6 releases (stable)
✓ Uses Rust 2018 edition
|1.0.5||Feb 28, 2020|
|1.0.3||Feb 14, 2020|
|1.0.2||Jan 20, 2020|
|0.1.0||Nov 2, 2019|
#22 in Build Utils
49 downloads per month
what-bump is a simple tool that reads the commit history of a git repository,
and uses commit messages to decide what kind of version bump is required.
Moreover, if you provide
what-bump with the current version number of your software,
it will tell you what the next version number has to be.
However, most of those tools are deeply integrated with NPM, or somehow assume that you're
using NPM, try to manage the entire release process of your software, and are not trivial
to set up (especially if you're not using NPM!).
The only tool I could find that does not integrate with NPM is
calcver, but it is very
young, very undocumented, and probably more powerful and/or complex than I need a tool
what-bump, sets out to be a simple, self-explanatory, zero-configuration
utility to do one and only one thing: determine your software's next version number
based on all the commit messages up to a previous revision. You need to specify what
the previous revision is (we assume you have it tagged and know enough
bash magic to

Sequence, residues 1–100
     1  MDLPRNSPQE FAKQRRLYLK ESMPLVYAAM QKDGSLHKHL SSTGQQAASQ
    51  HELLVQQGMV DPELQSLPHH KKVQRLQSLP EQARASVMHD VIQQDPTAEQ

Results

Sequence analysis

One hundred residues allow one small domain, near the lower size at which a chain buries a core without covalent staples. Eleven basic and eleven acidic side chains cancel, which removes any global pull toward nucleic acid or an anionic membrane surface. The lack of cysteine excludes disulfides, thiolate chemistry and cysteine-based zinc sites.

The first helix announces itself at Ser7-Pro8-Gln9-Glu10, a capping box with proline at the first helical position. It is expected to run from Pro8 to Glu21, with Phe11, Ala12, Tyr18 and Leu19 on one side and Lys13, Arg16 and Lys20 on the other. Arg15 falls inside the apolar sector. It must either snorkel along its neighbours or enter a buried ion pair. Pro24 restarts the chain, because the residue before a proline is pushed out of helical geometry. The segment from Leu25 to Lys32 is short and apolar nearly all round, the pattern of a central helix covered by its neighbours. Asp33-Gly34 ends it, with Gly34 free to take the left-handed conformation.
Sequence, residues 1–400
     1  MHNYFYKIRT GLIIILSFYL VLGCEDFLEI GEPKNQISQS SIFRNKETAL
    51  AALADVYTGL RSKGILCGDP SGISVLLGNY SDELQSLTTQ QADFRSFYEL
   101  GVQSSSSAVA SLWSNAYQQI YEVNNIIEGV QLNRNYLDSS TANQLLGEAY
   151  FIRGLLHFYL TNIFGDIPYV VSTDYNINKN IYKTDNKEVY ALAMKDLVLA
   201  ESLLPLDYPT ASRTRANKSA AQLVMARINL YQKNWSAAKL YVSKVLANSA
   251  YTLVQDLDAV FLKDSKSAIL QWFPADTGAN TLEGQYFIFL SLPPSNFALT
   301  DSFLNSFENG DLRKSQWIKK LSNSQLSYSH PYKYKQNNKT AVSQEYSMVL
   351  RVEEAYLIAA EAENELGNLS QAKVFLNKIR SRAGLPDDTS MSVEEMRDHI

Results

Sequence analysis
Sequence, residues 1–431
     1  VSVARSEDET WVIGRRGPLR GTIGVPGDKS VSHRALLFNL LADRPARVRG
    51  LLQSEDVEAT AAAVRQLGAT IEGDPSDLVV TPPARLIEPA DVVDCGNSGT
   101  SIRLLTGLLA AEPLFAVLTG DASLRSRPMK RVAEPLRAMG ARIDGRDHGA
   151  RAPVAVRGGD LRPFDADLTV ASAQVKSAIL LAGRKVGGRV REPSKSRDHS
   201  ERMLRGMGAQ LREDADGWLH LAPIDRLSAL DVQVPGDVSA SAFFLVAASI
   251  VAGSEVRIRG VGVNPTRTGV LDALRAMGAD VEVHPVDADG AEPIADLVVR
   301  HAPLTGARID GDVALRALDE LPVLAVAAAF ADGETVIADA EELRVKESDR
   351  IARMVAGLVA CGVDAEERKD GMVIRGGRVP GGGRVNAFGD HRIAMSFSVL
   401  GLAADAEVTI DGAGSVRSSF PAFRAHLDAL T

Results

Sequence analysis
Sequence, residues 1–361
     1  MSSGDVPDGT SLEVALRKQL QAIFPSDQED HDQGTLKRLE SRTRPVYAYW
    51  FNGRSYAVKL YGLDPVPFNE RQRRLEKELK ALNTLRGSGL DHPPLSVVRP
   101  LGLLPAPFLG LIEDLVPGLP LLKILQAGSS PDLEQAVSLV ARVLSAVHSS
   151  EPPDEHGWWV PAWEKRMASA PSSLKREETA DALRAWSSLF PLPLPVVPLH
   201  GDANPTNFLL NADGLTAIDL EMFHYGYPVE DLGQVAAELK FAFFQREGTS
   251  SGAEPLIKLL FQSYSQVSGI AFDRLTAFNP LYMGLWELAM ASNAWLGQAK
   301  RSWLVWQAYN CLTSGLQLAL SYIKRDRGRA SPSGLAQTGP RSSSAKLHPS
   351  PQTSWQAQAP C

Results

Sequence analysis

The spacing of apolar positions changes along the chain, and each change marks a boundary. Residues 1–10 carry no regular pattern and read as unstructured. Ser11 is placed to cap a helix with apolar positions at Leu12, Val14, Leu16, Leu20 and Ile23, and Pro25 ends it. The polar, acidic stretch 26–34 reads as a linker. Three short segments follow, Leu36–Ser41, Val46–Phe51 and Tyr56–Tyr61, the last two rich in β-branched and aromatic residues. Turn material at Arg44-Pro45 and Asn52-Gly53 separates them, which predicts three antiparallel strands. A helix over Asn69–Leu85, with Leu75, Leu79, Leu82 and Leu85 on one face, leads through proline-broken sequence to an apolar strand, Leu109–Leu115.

do it) and what the current version is (ditto).
The easiest way to get
what-bump is installing it using cargo,
with the following command:
cargo install what-bump
If you prefer Docker, there is an official image on dockerhub: https://hub.docker.com/r/albx79/what-bump
To get all the explanation you need.
Basically, assuming you tagged your previous version as
v1.0.2, just type
what-bump v1.0.2 --from 1.0.2
to get the next version number printed to standard output.
what-bump is a little bit more accepting than Conventional Commits specifies.
In particular, it only checks that the commit type starts with "fix" or "feat" (case insensitive), therefore it will also accept things like "feature", "fixed", or "fixing".
Also, any other commit type, or commits that don't comply with the spec, will be ignored and won't contribute to a version bump.
what-bump is written in Rust. You'll need at least version
1.36 to build (that's what I used). Install rust following the instructions on the official
It depends on git2-rs, which requires libgit2 to be installed on your system. It should already be available if you're using git.
To build from sources, clone the repository and build with:
cargo build --release
Then you can install it locally with
cargo install --path .
Alternatively, if you have docker, you can build
the Dockerfile provided:
docker build . -t what-bump
And then run it with e.g.:
docker run -v $PWD:/data what-bump --path /data --help